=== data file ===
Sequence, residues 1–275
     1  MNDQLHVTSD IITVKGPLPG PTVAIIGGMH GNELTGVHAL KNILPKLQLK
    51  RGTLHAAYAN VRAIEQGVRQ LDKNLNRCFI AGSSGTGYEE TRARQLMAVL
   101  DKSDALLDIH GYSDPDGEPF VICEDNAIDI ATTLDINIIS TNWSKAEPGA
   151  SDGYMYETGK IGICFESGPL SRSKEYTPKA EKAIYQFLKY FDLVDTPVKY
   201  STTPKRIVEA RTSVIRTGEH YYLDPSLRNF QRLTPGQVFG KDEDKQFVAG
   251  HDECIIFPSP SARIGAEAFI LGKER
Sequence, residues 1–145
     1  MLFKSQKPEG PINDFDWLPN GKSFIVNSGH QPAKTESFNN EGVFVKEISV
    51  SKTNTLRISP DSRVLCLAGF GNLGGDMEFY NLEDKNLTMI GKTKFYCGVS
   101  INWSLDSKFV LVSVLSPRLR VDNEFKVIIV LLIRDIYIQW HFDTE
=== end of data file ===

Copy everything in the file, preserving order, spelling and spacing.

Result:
Sequence, residues 1–275
     1  MNDQLHVTSD IITVKGPLPG PTVAIIGGMH GNELTGVHAL KNILPKLQLK
    51  RGTLHAAYAN VRAIEQGVRQ LDKNLNRCFI AGSSGTGYEE TRARQLMAVL
   101  DKSDALLDIH GYSDPDGEPF VICEDNAIDI ATTLDINIIS TNWSKAEPGA
   151  SDGYMYETGK IGICFESGPL SRSKEYTPKA EKAIYQFLKY FDLVDTPVKY
   201  STTPKRIVEA RTSVIRTGEH YYLDPSLRNF QRLTPGQVFG KDEDKQFVAG
   251  HDECIIFPSP SARIGAEAFI LGKER
Sequence, residues 1–145
     1  MLFKSQKPEG PINDFDWLPN GKSFIVNSGH QPAKTESFNN EGVFVKEISV
    51  SKTNTLRISP DSRVLCLAGF GNLGGDMEFY NLEDKNLTMI GKTKFYCGVS
   101  INWSLDSKFV LVSVLSPRLR VDNEFKVIIV LLIRDIYIQW HFDTE